At the 42nd American Society of Clinical Oncology (ASCO) annual meeting in Atlanta, Eli Lilly and Co announced results of a phase II trial evaluating its thoracic cancer drug pemetrexed (Alimta) in first-line treatment of metastatic breast cancer.
At the 42nd American Society of Clinical Oncology (ASCO) annual meeting in Atlanta, Eli Lilly and Co announced results of a phase II trial evaluating its thoracic cancer drug pemetrexed (Alimta) in first-line treatment of metastatic breast cancer. The study also detailed exploratory pharmacogenomic analyses to potentially identify the presence of specific biomarkers for pemetrexed. Lilly's study is among the first bodies of research evaluating the potential use of biomarkers with chemotherapy agents.
On Track for Further Evaluation
The phase II study was a randomized, double-blind trial of 92 patients with locally advanced or metastatic breast cancer. The two sets of patient groups were given two different doses of pemetrexed. The study concluded that since efficacy and safety for both doses were similar, the lower dose (600 mg/m2) is suitable for further study. In addition, exploratory biomarker analysis suggests an efficacy correlation for folypolyglutamate synthase (FFGS) and thymidine phosphorylase (TP).
"We are encouraged by these results," said Allen Melemed, MD, Lilly associate medical director and a study author. "And while it's too soon to be conclusive, it does seem like we're heading in the right direction. Our hope is to be able to offer patients and their doctors more choices, and to one day help them know with more certainty which ones work for them."
Lilly is considering plans for a phase III trial, as well as further evaluation of the biomarkers that were explored.
The trial enrolled women with a histologic/cytologic diagnosis of breast cancer and evidence of locally recurrent disease or distant metastasis not amenable to local therapy. Patients received pemetrexed (arm A: 600 mg/m2; arm B: 900 mg/m2) on a 21-day cycle, with a median of six cycles delivered. All patients received folic acid and vitamin B12 supplementation. Forty-seven patients, aged 33 to 81 years (with a median age of 57), enrolled in arm A and 45 in arm B.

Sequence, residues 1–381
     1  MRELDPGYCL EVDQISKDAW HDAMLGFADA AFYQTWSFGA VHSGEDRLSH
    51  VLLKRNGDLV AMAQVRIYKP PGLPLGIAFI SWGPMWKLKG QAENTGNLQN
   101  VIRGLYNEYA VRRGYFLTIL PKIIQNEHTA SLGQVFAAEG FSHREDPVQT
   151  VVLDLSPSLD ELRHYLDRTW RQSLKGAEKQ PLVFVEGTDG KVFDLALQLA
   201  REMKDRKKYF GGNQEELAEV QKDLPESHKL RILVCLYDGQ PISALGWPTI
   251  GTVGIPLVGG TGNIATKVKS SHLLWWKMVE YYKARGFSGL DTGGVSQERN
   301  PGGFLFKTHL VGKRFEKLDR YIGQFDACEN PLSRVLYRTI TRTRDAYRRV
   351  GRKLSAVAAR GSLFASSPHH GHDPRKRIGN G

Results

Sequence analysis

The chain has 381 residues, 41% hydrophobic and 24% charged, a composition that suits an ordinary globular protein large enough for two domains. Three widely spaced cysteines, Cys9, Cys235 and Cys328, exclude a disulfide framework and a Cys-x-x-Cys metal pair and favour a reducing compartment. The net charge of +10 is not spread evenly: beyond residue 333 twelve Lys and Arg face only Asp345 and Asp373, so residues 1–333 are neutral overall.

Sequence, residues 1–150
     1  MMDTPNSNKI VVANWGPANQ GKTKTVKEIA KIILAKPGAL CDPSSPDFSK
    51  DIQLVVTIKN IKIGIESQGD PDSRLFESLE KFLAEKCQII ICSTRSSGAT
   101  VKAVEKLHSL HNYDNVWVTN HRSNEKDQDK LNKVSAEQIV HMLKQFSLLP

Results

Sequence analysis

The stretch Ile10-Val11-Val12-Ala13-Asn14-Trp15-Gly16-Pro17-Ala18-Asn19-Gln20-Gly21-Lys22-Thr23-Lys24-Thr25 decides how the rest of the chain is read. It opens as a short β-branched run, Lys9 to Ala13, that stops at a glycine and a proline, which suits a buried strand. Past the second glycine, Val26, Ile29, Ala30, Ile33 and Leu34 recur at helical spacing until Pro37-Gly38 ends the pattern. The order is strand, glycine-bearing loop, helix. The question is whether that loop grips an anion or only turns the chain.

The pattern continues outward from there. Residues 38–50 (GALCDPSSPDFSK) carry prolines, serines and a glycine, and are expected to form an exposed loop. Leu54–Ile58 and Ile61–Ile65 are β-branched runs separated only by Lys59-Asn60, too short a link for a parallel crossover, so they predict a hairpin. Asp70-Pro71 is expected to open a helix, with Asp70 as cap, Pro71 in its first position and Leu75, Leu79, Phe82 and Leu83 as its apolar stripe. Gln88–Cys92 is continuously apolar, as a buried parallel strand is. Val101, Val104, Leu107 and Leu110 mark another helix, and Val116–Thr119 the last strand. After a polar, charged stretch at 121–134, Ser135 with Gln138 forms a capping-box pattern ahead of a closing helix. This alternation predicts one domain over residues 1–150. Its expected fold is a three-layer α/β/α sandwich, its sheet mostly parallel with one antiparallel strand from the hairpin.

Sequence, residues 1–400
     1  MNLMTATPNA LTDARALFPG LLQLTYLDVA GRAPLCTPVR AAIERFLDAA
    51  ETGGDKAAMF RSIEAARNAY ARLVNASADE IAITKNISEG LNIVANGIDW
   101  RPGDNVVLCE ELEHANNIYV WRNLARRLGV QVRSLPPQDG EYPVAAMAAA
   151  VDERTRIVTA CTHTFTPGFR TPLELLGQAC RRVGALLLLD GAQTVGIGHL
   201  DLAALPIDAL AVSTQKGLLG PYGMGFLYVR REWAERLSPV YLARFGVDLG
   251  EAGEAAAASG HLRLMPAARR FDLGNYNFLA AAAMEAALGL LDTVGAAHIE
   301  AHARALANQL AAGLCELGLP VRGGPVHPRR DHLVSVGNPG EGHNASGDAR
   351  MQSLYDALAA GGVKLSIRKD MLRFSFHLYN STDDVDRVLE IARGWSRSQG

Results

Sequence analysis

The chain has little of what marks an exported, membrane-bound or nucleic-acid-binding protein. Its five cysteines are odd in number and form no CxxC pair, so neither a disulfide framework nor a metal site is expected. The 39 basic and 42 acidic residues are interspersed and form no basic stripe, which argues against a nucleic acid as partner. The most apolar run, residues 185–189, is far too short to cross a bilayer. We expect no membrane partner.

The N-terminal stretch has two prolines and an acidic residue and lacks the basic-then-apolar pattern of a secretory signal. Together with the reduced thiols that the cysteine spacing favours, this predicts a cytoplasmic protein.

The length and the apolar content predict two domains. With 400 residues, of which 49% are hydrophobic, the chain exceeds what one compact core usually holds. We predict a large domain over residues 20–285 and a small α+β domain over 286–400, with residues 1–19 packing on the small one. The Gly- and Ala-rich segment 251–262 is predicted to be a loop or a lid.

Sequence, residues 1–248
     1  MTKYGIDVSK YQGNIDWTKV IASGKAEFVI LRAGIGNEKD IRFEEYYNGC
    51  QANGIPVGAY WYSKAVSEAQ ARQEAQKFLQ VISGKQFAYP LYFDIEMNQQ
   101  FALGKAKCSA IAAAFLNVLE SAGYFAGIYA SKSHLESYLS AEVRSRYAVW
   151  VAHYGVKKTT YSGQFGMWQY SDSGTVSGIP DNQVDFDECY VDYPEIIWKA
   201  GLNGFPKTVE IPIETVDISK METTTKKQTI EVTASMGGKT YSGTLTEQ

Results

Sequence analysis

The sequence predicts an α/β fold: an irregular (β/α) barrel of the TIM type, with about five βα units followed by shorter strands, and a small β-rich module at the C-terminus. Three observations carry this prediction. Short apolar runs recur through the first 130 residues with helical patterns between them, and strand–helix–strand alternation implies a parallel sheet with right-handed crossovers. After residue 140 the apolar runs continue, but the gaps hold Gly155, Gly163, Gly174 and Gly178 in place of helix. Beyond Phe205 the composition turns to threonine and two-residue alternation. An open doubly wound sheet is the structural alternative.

Arms A and B had response rates of 17% and 15%, median progression-free survival times of 4.2 and 4.1 months, and median times to tumor progression of 4.2 and 4.6 months, respectively. Toxicity was mild in both arms (grade 3/4), with neutropenia occurring in less than 20% of patients and leukopenia in less than 9%. Nonhematologic side effects were mild and similar to those commonly experienced when pemetrexed is used as monotherapy, eg, disorders of the blood and lymphatic system, gastrointestinal disorders, fatigue, rash, and desquamation.
Primary tumor samples from 49 patients were assessed for gene expression. Two markers, FPGS and TP, showed the most conclusive results. Best response rates and median times to tumor progression for high vs low FPGS expression subgroups were 37.5% vs 10% and 8.57 vs 2.99 months. The results for TP were 27.6% vs 6.2% and 5.39 vs 1.94 months.
Pemetrexed was first approved by the US Food and Drug Administration in 2004 for second-line treatment of non-small-cell lung cancer, and for malignant pleural mesothelioma. In the 2 years since its first approval for marketing, the drug has been approved in 71 countries for either non-small-cell lung cancer or mesothelioma. Delivered via a 10-minute infusion that shows virtually no hair loss, pemetrexed is an antifolate that interferes with cancer cell reproduction and spread.